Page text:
Petitioner/husband in an I-130/485 is a naturalized US citizen born in mainland, China. Beneficiary/applicant/wife is British national born and raised in Hong Kong. Both are professional pilots of commercial aircrafts. Three (3) days after she entered the United States on a visitor's visa, they flew to Las Vegas, Nevada, and contracted a "shotgun marriage." Our office was confronted with a task to overcome "intent issue" during preparation and filing of the applications since they got married clearly within 90 days from the date of wife's entry in the United States. However, we found out that they had started their love relationship at least 2 years before their marriage when they first met as students in an aviation school in the United States. We put together records and paperwork documenting their love relationship and submitted to CIS to overcome the issue. CIS officer recommended approval of the case for a conditional green card at the interview.
A Canadian client retained our office to file for a green card based petition by his wife, a United States citizen. We filed the necessary I-130 petition and I-485 application to adjust status along with ancillary request for employment authorization. He was under F-1 status needed to work as soon as possible. CIS fingerprinting and biometrics were taken immediately thereafter the interview. However, at the interview, CIS officer confronted him with a criminal conviction for an incident that took place 26 years ago when he was living in the United States with a non-immigrant visa status. Our client by honest mistake simply forgot to disclose to us the criminal conviction at the time of preparation and filing the green card applications. Non-disclosure of the conviction became a major issue that might result in the denial of the case for misrepresentation. Our office was confronted with difficulty to submit the criminal records to meet the deadline set by CIS since the case so old, the Court has to locate the documents in archives at a different location. However, within 30 days after we submitted the records, CIS approved the case and a conditional green card was issued that is valid for 2 years.
In August 2008, the step-mother became a naturalized US citizen. With the quota opened, it upgraded the approved I-130 petition for adopted step-son to an immediate relative. In November 2008 we filed for the stepson an I-485 application for a green card and I-765 application for a work authorization. USCIS sent us a request for additional evidence with major issues focusing on the legal entry of the stepson who entered the United States as a citizen and national of India without a visa. We argued that the step-son was covered by 245 (i) and therefore eligible to adjust status. The green card was approved at the interview 6 months from filing the case.
Our client, a naturalized United States citizen, retained us to apply for the green card of her father. Her father came to the United States with a visitor's visa. He is 81 years old and with some health problems. We filed the necessary petition and application with USCIS along with request for employment authorization. Though her father is not required to pay the fingerprinting and biometrics fees, however, his fingerprints must be taken and be submitted for security check. He encountered problems submitting readable fingerprints. CIS had to schedule him 5 times and took his prints 3 times. In addition, the case was transferred to a different USCIS Service Center. The case had to be adjudicated without interview. We received a Request for Evidence from the Service Center to submit documents to prove and establish paternity relationship. We filed the response primarily relying on secondary evidence. After 3 months the work authorization and green card were approved. The case was finished within 8 months from filing because of our prompt actions to file quick responses and to follow up the case with CIS.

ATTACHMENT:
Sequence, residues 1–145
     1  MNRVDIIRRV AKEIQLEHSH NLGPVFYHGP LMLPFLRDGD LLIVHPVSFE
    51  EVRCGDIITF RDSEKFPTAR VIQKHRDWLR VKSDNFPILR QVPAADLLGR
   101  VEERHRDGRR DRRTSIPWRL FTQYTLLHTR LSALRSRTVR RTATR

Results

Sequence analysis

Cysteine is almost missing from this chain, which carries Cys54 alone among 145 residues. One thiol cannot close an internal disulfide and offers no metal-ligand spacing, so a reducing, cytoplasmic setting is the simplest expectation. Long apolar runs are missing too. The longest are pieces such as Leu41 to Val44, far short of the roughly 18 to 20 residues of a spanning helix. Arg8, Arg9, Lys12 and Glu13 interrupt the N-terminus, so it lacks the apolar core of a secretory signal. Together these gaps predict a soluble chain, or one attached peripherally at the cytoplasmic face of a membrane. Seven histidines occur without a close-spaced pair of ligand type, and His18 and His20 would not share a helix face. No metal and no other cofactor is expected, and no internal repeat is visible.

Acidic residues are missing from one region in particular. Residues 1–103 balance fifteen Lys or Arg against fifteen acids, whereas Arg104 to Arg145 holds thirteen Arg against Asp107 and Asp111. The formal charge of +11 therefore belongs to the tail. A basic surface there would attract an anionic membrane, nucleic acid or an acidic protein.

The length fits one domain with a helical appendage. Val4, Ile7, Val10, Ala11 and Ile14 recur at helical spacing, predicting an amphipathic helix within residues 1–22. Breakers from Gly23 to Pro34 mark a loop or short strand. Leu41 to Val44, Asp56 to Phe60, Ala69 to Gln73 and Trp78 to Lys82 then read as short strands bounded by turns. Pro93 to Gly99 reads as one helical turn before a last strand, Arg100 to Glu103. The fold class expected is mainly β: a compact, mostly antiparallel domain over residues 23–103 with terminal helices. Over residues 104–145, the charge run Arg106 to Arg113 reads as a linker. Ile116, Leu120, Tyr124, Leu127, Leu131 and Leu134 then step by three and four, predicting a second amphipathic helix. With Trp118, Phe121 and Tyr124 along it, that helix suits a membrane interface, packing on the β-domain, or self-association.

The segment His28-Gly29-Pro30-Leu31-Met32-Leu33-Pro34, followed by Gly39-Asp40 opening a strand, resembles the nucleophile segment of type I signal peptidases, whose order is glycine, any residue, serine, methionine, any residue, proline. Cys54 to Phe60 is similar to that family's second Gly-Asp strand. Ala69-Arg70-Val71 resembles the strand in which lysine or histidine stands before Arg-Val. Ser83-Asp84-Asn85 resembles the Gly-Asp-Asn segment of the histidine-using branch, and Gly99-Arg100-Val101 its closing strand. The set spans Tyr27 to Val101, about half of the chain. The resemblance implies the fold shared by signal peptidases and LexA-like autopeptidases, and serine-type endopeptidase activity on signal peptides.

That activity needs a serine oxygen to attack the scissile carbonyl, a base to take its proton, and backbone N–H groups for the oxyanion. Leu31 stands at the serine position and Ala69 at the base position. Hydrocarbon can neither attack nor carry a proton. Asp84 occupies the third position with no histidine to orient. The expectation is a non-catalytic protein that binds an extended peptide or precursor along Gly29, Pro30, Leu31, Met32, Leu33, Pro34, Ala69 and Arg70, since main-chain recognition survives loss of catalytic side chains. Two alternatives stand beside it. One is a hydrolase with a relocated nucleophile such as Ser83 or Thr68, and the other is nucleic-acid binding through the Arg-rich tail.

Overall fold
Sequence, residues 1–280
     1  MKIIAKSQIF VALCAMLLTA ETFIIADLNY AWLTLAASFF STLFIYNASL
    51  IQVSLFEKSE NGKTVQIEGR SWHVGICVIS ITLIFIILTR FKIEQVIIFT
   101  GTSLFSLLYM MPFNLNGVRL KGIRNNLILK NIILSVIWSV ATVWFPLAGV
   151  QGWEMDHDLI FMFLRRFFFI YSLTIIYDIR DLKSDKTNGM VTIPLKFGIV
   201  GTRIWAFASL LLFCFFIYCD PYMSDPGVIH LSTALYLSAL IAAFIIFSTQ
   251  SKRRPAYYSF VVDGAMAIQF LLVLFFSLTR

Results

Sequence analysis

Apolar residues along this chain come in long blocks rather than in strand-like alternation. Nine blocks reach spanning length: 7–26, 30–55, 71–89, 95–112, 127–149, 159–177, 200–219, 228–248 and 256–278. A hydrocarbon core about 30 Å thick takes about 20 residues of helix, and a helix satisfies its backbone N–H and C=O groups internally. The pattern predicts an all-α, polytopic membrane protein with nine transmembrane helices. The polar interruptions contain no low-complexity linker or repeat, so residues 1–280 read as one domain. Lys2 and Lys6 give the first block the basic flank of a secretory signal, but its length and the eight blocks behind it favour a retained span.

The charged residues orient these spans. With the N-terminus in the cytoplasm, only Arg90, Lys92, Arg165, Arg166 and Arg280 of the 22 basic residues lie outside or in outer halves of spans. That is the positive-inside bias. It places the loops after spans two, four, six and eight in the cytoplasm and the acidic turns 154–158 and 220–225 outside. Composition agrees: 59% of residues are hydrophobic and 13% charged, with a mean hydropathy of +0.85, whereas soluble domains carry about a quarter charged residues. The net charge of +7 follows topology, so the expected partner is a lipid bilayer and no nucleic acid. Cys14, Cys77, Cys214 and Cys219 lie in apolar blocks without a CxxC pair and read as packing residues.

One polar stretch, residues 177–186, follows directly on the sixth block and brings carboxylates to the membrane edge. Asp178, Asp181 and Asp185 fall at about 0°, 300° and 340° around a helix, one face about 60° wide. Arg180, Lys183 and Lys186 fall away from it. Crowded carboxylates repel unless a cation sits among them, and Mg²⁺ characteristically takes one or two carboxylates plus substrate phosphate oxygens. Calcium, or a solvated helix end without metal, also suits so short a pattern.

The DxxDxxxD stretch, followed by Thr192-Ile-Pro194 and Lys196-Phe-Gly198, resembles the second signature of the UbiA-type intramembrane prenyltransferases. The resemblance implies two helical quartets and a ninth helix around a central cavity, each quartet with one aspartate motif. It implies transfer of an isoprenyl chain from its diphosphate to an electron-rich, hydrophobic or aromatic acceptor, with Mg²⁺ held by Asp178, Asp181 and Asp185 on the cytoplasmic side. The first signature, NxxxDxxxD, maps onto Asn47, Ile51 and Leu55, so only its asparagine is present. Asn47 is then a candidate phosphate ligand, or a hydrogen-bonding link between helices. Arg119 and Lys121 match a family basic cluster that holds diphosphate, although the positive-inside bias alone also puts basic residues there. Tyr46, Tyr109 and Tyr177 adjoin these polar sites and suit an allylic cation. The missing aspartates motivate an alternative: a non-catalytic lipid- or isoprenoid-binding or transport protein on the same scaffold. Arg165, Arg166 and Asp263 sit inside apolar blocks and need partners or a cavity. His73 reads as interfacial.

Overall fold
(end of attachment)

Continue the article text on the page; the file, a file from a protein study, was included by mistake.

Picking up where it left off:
In 1998, we successfully assisted our client from United Kingdom to get a green card through employment-based category, and at that time he was living in Ohio. However, he and his family have traveled and moved to different states the last 10 years looking for much more lucrative employment. Apparently satisfied with our legal service, he did not hesitate to retain us to apply for a new green card valid again for 10 years. We filed the application and case was approved in 3 months. He has now 3 United States Citizen children.
Our clients hired us after the I-130/I-485 applications that they had filed with USCIS were denied. The motion to reopen filed by former counsel was also denied. We re-filed the applications with USCIS. The case was set for an interview in New Jersey in May 2009. After an interview, the I-130 and I-485 applications were approved by USCIS. Our client received a stamp in her passport to serve as her evidence of permanent resident status until the green card came in the mail. Scott Bratton handled the case. He was assisted by Karim Berdiev.
Alien from Romania retained us to file for his immigrant visa through his already approved I-130 from his US Citizen petitioner wife. Alien had entered illegally and was not 245(i) so the process required him to return to his home country of Romania and use the National Visa Center for an immigrant visa interview to be set up at the Bucharest US Consulate. The alien required an I-601 waiver as well for his entry without inspection. Our office worked diligently with the alien and his US citizen wife and documented the exceptional hardships the US Citizen wife would experience if her husband was not allowed to return to the US. The husband and wife also have a US Citizen child who would also experience exceptional hardship if his father would not be allowed to return to the US. We initiated the NVC process on January 28, 2008 and on September 22, 2008 the alien was scheduled for an immigrant visa interview on October 28, 2008. On October 28, 2008 the alien was interviewed and he gave the I-601 waiver application to the US Consular Officials in Bucharest who then passed the application onto the Vienna American Consulate overseeing office for them to make a decision. We were delighted to hear that the applicant received a ten year green card on April 14, 2009 and will be able to enter the US to reunite with his loving family.